The logo of BP is seen at a petrol station in Kloten, Switzerland October 3, 2017. REUTERS/Arnd Wiegmann
LONDON - 1 May 2018: BP reported a 71 percent jump in first-quarter profit on Tuesday driven by higher oil and gas prices and increased production as it undergoes rapid growth.
At the same time, the London-based company saw its debt pile rise following $1.6 billion in payments to settle remaining lawsuits following the deadly 2010 Deepwater Horizon spill in the Gulf of Mexico which has cost it more than $65 billion.
A nearly 25 percent rise in oil prices over the past year has lifted revenue for oil companies as investors shift their focus to how much cash the firms can generate following years of deep cost cuts.
BP’s results follow a mixed picture from the sector with Royal Dutch Shell and Exxon Mobil falling short of forecasts while results from Chevron and France’s Total were stronger than expected.
BP reported $2.6 billion in underlying replacement cost profit, its definition of net income, exceeding the $2.2 billion forecast by analysts in a company-provided survey. That was up from $1.5 billion a year earlier and from $2.1 billion in the fourth quarter of 2017.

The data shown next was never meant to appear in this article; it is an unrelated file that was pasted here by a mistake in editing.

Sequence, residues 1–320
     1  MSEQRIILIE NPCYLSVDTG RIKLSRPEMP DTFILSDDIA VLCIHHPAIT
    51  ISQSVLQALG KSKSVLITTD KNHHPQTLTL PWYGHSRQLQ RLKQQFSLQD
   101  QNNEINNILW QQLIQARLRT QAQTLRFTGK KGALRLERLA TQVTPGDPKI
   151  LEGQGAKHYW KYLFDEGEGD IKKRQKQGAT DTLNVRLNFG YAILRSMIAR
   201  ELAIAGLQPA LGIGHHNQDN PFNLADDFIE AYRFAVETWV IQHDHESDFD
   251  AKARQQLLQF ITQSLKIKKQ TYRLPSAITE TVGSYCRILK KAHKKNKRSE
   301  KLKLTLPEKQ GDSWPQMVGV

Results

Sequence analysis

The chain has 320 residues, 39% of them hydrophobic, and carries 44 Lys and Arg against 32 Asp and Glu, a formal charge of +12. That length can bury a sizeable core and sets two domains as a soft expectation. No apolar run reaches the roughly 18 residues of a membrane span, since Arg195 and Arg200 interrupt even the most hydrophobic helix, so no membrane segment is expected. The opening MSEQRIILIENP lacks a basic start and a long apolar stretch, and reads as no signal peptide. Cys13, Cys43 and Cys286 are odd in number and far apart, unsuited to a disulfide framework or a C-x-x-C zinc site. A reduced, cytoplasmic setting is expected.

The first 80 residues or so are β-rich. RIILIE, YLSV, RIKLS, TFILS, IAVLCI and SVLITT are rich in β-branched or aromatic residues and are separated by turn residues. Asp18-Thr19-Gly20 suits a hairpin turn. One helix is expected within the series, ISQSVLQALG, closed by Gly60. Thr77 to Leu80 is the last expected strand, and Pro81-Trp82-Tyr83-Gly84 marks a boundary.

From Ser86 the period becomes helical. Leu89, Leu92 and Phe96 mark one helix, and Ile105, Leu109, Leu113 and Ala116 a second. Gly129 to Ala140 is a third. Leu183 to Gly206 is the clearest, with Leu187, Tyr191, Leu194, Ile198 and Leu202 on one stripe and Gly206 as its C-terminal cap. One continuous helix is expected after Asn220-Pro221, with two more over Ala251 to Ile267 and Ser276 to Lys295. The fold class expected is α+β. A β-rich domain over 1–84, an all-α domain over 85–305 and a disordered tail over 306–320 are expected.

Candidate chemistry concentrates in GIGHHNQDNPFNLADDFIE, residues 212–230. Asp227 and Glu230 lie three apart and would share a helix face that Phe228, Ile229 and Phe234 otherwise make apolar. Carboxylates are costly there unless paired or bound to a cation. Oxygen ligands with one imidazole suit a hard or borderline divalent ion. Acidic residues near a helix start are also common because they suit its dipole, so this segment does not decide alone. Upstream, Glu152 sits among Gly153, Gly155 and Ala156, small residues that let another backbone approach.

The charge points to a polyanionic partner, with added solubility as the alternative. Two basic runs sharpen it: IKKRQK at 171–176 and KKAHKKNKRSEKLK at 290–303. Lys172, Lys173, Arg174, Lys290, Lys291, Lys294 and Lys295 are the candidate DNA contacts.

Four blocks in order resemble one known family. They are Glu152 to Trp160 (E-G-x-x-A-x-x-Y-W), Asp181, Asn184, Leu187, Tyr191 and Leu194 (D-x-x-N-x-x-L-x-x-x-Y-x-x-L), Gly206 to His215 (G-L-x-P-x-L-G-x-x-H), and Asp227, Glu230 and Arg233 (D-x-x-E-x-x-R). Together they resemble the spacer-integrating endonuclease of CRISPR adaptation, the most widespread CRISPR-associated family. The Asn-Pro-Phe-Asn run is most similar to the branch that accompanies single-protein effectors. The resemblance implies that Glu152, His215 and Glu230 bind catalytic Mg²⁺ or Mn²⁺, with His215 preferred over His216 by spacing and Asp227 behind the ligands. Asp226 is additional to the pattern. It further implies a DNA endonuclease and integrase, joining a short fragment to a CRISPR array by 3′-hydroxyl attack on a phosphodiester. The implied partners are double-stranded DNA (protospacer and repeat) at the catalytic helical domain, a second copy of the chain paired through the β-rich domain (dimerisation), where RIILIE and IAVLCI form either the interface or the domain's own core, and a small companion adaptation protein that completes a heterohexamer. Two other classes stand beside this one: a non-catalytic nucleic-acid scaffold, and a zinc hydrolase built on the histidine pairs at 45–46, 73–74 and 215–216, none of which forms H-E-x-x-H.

Operating cash flow excluding amounts relating to the Gulf of Mexico spill was $5.4 billion which was impacted by a $1.8 billion increase in working capital. Including spill costs, cash flow was $3.6 billion, up from $2.1 billion a year earlier.
BP launched 7 oil and gas fields in 2017, a record year, and was set to inaugurate 5 more projects this year including in Egypt, Azerbaijan and the UK North Sea which will help it boost production by 800,000 barrels per day (bpd) by 2020, most of it gas.
First-quarter production rose 6 percent to 3.7 million barrels per day.
“Moving through 2018, we’re determined to keep delivering our operational targets and maintaining capital discipline while growing cash flow and returns,” Chief Executive Officer Bob Dudley said in a statement.
BP last October announced plans to buy back $1.6 billion in shares per year, becoming the first European oil and gas major to resume buybacks after a three-year downturn. The move was aimed at offsetting the dilutive effect of scrip dividends, where shareholders can opt to receive dividends via cash or shares.
In the first quarter it bought back 18 million shares worth $120 million.
BP’s gearing, the ratio between debt and BP’s market value, stood at 28.1 percent at the end of the quarter, up from 27.4 percent at the end of 2017.
Net debt at the end of March stood at $40 billion, up from$37.8 billion at the end of 2017.
The results were impacted by a $1.6 billion pre-tax payment for the settlement of the Deepwater Horizon spill. BP is expected to pay $3 billion in 2018.